In 1970 with the split in the movement, Roy Johnston was increasingly marginalized politically, and he increasingly gave his attention to building up an applied-science consultancy business. Then, in the 1980s and 1990s, he became interested in devolved regional government, something sought by the Green Party, and encouraged by the Good Friday agreement in the North. At the time of writing, his main concerns are 'the ongoing role of science in society, the crisis in the left, and the perceived need for a "left-green convergence".'

This is a jumble of a book, with the stories of both men inter-mingling, and with a density of detail and technical language likely at times to deter even the dedicated reader. That being said, historians of the period, economists, and anyone interested in the parties of the left, will find much to engross them. The names of numerous prominent left-wing personalities figure in the index. The author was, he admits, very much at fault in a number of his political judgements, but, whatever the reader's political persuasion, it is heartening to read an account of a man following out ideas and ideals to improve society at a time when the horizon of most is bound by self-interest and immediate gain.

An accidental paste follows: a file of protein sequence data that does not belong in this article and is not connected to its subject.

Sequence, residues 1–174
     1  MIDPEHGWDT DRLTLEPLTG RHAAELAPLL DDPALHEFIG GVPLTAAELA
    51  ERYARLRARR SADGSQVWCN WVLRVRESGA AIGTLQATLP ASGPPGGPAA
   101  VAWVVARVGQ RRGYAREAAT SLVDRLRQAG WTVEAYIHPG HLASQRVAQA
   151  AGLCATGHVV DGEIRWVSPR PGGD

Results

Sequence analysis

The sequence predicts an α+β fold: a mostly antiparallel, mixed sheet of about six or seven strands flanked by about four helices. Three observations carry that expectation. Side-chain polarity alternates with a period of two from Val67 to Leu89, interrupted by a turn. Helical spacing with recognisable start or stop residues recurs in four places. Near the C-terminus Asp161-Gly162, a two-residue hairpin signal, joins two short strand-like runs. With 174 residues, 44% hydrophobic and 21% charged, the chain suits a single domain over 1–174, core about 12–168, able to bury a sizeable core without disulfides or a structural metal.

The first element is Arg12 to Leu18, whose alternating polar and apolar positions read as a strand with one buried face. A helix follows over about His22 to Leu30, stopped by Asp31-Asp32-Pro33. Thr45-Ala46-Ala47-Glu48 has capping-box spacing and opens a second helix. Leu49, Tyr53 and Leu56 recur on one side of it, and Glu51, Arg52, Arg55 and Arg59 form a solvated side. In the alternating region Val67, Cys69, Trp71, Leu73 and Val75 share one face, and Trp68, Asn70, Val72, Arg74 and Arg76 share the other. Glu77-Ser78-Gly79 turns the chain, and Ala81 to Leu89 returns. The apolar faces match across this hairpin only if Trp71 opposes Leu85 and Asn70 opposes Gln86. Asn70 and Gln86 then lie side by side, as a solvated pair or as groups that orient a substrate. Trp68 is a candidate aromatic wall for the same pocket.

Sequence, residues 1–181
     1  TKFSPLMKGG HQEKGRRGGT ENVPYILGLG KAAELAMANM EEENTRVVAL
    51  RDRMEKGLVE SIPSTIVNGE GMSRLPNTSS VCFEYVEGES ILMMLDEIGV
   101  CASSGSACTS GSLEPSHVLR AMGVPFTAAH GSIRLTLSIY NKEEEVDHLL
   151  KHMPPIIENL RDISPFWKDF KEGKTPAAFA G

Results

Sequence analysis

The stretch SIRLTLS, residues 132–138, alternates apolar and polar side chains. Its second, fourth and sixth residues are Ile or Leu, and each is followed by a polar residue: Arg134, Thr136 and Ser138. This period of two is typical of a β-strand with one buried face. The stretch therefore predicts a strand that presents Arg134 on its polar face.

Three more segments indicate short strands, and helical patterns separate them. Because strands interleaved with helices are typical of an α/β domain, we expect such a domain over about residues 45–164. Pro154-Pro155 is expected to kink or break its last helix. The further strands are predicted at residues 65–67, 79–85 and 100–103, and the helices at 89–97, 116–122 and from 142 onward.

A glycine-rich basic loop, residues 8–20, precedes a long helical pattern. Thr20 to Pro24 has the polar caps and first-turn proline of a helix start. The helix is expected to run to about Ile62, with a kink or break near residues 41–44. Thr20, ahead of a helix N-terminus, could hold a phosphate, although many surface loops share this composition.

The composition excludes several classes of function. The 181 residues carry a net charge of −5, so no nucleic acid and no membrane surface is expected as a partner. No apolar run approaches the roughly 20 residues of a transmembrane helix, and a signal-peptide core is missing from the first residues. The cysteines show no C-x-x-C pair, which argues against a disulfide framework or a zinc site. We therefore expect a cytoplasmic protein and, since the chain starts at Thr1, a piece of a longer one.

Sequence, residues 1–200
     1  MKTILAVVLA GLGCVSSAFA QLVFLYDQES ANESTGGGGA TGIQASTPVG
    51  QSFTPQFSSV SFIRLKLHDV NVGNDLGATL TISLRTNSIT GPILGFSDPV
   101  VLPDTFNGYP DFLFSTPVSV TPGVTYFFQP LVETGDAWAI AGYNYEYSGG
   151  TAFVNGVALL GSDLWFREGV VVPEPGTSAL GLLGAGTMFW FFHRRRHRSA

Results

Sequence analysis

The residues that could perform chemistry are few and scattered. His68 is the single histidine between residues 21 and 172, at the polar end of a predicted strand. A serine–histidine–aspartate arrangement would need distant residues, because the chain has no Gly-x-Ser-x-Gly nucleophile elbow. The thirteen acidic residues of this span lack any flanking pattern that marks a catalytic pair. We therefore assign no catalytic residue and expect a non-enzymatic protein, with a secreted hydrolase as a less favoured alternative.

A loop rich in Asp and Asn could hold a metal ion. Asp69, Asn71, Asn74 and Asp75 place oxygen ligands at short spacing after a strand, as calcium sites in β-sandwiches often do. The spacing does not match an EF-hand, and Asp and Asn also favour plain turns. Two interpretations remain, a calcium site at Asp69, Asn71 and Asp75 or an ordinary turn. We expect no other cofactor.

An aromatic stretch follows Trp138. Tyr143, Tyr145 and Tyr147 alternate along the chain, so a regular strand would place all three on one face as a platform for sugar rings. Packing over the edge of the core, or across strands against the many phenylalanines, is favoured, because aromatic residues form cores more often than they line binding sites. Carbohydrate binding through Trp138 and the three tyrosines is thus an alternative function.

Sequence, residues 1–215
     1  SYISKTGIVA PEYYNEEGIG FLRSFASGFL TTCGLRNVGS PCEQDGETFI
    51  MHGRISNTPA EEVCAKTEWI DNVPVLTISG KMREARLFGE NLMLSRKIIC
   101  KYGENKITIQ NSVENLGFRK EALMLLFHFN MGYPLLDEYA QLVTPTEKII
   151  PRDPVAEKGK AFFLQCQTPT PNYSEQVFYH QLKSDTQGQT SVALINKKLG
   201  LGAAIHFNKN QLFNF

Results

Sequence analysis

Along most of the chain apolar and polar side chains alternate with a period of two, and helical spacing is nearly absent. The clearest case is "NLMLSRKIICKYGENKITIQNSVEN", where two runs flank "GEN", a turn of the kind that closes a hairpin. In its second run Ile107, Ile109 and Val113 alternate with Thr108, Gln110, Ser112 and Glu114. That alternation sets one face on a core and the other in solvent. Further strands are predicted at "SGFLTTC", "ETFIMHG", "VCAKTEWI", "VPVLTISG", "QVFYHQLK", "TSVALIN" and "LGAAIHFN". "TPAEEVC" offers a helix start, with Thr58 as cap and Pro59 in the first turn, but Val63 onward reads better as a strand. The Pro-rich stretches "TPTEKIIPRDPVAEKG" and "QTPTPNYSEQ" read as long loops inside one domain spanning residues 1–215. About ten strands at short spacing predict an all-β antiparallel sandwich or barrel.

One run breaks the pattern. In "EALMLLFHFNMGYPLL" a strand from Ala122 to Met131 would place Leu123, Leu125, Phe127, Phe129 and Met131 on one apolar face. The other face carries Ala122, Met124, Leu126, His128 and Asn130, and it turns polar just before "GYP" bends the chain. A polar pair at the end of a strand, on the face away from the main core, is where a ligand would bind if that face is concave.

Thomas J. Morrissey, S.J.

Reviewed in Fortnight, January 2007, by Richard English

Roy H W Johnston, Century of Endeavour: A Biographical and Autobiographical View of the Twentieth Century in Ireland (Tyndall/Lilliput, 2006)

'If you do not want to understand the twentieth century, read the autobiographies of the self-justifiers, the counsels for their own defence, and of their obverse, the repentant sinners.' So argued the historian Eric Hobsbawm in his memoir Interesting Times - a book which in fact demonstrated that autobiography can prove brilliantly and powerfully insightful. In its own way, Roy Johnston's Century of Endeavour is also a very revealing and valuable book, a kind of dual life of father and son.